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Flames

Fantasy World Building for Indie Film

Posted on November 1, 2010 by

We have a new design essay to start the week. Film-maker Lisa Stock tells us about the world building that went into her project Titania.

People are always curious about where I shoot my films. But when I tell them it was a state park, local beach, or neighbor’s backyard they seem disappointed that I haven’t said Oz, Gotham, or at least New Zealand. I’m thrilled though – because for me, that means I’ve effectively created a world they believe exists somewhere further than a few blocks from home.

World building is as important in fantasy film as character building. It not only holds and surrounds the action of your plot – but influences it. An actress said to me once, “I have terrible fears about the forest, nightmares since I was a child of being left alone in a forest.” Luckily, the film we’re working on together takes place entirely in a forest and I need for her to be frightened.

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Flames

Play Dirty: Happy Halloween

Posted on October 30, 2010 by

Just in time for Halloween, FlamesRising.com is pleased to present you with advice on terrifying your players from veteran game designer John Wick. Games that John has designed recently include the Lovecraft-inspired CURSE OF THE YELLOW SIGN and HOUSES OF THE BLOODED. For more about John, visit his website located at John Wick Presents

Play Dirty: Happy Halloween

Every Halloween, I run Call of Cthulhu.

It’s a tradition. Something I’ve rarely broken. Every year, I dress up in my “Man in Black” outfit (black pants, black shirt, black vest, black jacket, black tie, black hat and Yellow Sign pin) and I tell a story of man’s futile attempts to understand the universe.

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JLaSala

The Foreshadows Equation, Part 2

Posted on October 27, 2010 by

Foreshadows: The Ghosts of Zero is a 19-story anthology of dark science fiction intertwined with a 19-track album of songs and soundtrack music, created collaboratively by a veritable shadow gallery of speculative fiction authors and musicians, under the banner of the Very Us Artists, to be published by Blindsided Books.

In this essay, editor and author Jeff LaSala tells us what sort of stories are contained therein…

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Flames

History of the Tarot: Part Three – Modern Day

Posted on October 24, 2010 by

Halloween is right around the corner, and many people read tarot cards to celebrate the holiday. In this three-part series of articles, FlamesRising.com turned to tarot card expert Paula Dempsey to talk about the history of the tarot. In the last article of this series, Paula discusses tarot and how we use and think about it in our modern day.

The History of Tarot: Modern Day

Finally, this whistlestop tour of the tarot brings us to the twenty first century. My question for modern times is: Is the tarot still truly occult? There are hundreds, possibly thousands of modern tarot packs, many of which are easily obtained from bookstores or online retailers. Books on how to read the cards may be borrowed from public libraries and tarot courses are offered in most cities. For those uncomfortable with the occult connotations, there is even a Jesus Deck.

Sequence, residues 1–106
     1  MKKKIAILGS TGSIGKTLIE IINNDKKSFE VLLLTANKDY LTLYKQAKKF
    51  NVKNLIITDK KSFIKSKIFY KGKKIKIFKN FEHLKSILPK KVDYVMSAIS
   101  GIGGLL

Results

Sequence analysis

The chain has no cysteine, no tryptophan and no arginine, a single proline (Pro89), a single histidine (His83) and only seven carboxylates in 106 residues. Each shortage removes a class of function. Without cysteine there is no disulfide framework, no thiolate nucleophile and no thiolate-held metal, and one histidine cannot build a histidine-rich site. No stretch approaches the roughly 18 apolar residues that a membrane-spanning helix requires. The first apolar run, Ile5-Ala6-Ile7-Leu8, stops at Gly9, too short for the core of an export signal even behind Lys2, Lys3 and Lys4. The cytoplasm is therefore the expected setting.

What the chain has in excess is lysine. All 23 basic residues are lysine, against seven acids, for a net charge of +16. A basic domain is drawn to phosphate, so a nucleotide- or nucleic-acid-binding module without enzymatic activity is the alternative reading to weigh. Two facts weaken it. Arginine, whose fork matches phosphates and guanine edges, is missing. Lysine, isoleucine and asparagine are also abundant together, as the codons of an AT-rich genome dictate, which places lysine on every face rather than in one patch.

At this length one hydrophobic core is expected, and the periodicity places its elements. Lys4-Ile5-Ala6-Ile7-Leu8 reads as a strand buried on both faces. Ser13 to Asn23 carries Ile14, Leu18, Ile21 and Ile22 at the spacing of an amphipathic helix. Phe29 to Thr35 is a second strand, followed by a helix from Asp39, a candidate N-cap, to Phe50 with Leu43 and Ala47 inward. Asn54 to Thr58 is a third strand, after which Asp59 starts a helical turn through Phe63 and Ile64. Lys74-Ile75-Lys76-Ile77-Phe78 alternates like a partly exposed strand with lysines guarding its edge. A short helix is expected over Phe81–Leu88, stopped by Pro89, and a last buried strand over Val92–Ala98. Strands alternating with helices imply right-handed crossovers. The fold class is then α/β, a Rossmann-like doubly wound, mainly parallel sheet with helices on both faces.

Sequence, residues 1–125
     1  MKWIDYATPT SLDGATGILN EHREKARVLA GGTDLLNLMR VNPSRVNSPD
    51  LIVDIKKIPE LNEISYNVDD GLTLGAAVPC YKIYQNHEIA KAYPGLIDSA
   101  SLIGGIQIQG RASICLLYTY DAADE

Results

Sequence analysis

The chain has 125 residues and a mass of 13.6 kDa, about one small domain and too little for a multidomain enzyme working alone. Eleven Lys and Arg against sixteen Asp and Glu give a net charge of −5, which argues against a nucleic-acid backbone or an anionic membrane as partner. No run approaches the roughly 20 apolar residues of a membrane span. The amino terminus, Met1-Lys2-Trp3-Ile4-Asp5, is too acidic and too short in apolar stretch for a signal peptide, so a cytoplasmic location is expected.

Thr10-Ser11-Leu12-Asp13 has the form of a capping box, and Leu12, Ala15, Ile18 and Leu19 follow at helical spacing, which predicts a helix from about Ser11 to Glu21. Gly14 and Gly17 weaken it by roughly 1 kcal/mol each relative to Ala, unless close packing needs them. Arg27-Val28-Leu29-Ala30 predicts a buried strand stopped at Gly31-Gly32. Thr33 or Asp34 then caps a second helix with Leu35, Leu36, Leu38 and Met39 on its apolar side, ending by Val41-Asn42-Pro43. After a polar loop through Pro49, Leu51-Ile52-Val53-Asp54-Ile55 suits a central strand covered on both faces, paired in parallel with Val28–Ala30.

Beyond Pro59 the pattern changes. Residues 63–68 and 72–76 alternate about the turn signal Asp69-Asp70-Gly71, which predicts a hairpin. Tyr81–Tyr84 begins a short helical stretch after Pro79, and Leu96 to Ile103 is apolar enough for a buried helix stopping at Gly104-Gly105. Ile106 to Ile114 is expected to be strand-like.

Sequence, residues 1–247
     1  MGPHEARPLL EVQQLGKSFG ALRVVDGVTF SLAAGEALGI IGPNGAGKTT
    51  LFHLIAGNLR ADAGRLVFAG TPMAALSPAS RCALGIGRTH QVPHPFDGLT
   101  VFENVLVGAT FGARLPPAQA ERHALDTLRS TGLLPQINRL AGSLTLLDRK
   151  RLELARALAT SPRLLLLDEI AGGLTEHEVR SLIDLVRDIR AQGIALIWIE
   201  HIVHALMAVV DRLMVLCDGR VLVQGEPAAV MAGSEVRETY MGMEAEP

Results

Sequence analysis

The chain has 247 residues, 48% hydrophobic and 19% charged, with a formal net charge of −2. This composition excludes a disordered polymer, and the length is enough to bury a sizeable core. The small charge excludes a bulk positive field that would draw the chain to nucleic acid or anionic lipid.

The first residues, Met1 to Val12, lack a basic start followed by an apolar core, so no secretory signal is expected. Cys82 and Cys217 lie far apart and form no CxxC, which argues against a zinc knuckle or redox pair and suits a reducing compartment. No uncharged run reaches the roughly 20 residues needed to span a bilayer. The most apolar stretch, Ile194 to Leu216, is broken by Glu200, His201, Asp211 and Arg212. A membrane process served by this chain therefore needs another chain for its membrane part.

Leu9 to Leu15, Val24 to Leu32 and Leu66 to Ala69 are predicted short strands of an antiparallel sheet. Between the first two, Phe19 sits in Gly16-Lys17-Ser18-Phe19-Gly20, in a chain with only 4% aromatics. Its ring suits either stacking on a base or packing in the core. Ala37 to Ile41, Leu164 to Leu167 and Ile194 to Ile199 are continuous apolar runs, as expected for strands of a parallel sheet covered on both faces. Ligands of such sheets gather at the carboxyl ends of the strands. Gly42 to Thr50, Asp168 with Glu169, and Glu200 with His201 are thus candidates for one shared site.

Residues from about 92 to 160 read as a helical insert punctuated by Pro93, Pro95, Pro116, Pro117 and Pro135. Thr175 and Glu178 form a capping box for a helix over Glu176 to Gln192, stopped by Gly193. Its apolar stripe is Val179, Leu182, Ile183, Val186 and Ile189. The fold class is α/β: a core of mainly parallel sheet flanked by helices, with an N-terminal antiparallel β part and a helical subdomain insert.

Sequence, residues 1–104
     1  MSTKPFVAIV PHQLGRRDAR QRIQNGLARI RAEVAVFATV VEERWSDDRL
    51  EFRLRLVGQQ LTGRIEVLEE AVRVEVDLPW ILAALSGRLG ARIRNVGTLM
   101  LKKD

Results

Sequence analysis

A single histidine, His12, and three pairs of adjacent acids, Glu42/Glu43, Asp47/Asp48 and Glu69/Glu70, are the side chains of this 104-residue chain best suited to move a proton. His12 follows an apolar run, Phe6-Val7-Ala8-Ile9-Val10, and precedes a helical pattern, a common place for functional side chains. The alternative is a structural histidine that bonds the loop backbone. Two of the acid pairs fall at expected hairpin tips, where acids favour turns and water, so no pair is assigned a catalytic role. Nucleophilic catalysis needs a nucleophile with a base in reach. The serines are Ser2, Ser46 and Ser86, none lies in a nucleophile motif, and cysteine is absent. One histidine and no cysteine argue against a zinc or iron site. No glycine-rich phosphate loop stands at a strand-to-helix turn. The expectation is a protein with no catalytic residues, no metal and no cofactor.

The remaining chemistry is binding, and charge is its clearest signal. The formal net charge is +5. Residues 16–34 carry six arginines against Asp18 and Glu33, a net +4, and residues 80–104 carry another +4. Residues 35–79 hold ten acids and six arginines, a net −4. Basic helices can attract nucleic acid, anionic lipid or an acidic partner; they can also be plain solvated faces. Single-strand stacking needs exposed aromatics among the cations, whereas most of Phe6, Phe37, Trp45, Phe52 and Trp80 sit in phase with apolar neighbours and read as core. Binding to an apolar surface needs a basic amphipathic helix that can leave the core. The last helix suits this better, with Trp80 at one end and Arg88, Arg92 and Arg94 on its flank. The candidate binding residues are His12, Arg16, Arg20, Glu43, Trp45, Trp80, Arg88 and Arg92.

The broken-hearted or inquisitive amongst us can phone or text a tarot hotline at any time of the day or night and instantly get an answer to “Does she love me?” or “Will I get that great new job?”

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Flames

The History of the Tarot: Part Two – Occult Revival

Posted on October 23, 2010 by

Halloween is right around the corner, and many people read tarot cards to celebrate the holiday. In this three-part series of articles, FlamesRising.com turned to tarot card expert Paula Dempsey to talk about the history of the tarot. In this first article, she discussed its mysterious origins. Today, she talks about the occult revival.

The History of Tarot: Occult Revival

The late 18th century saw Western society immersed in the Age of Enlightenment and on the verge of the Industrial Revolution. Paradoxically, this era of scientific rationalism also saw a rebirth of magical traditions. Druidry was reinvented in Great Britain by William Stukely and others. The end of the Witch-craze in Europe and the USA meant that those claiming to practice magic could do so without fearing a noose around their necks and to many, magic had an undeniable romance to it.

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Flames

The History of the Tarot: Part One – Origins

Posted on October 22, 2010 by

Did you know that Halloween is a popular time of year for divination? One way that many people celebrate the holiday is to have their tarot cards read. In this three-part series of articles, FlamesRising.com turned to tarot card expert Paula Dempsey to talk about the history of the tarot. In this first article, she discusses its mysterious origins.

The History of Tarot: Origins

Once Upon a Time…

… in 48BCE to be exact, when the Roman Empire was at its height and Julius Caesar’s troops laid siege to the Egyptian city of Alexandria. The custodians of the Royal Library of Alexandria, one of the seven wonders of the ancient world, knew they didn’t have much time before enemy forces broke through and destroyed their precious scrolls forever. Fortunately they had made a plan. Decks of cards were small and portable, so they prepared special decks rich in symbolism carrying much of the spiritual and magical guidance from the Library, if one knew how to read them.

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JLaSala

The Foreshadows Equation, Part 1

Posted on October 13, 2010 by

Foreshadows: The Ghosts of Zero is a 19-story anthology of dark science fiction intertwined with a 19-track album of songs and soundtrack music, created collaboratively by a veritable shadow gallery of speculative fiction authors and musicians, under the banner of the Very Us Artists, to be published by Blindsided Books.

In this essay Jeff and John LaSala tell us a bit about how the project got started and just what readers can look forward to as this project continues…

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Flames

Confessions of a Boy Fraidy Cat

Posted on September 15, 2010 by